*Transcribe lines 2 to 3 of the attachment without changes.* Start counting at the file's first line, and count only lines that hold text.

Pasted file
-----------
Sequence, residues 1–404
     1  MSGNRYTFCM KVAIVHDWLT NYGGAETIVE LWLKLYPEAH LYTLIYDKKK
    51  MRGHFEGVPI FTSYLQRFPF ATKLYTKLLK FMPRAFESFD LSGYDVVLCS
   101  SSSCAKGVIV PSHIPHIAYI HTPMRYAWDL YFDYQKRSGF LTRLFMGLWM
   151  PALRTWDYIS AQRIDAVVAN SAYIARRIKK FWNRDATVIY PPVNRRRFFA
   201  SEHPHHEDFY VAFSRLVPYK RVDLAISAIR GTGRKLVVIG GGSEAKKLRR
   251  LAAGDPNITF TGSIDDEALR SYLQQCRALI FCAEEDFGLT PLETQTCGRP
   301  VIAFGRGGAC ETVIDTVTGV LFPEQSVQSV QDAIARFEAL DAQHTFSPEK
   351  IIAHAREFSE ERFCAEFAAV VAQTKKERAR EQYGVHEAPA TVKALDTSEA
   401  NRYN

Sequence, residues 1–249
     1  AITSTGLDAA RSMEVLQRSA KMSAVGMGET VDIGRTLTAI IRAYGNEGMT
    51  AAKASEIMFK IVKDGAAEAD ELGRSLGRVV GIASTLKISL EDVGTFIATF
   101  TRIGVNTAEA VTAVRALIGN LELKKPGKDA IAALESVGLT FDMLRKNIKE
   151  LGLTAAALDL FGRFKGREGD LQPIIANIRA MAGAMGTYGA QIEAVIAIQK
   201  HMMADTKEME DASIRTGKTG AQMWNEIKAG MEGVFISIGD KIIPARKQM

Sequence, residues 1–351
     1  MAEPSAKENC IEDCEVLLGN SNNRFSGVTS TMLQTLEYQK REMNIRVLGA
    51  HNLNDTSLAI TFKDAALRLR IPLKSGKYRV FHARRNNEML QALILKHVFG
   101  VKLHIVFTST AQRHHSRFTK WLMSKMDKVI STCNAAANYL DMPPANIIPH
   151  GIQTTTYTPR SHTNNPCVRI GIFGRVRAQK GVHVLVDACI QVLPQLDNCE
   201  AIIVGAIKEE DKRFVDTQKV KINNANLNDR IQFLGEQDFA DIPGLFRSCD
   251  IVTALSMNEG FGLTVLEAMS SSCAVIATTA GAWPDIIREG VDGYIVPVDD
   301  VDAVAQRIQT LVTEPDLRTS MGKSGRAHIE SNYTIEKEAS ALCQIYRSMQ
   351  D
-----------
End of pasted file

     1  MSGNRYTFCM KVAIVHDWLT NYGGAETIVE LWLKLYPEAH LYTLIYDKKK
    51  MRGHFEGVPI FTSYLQRFPF ATKLYTKLLK FMPRAFESFD LSGYDVVLCS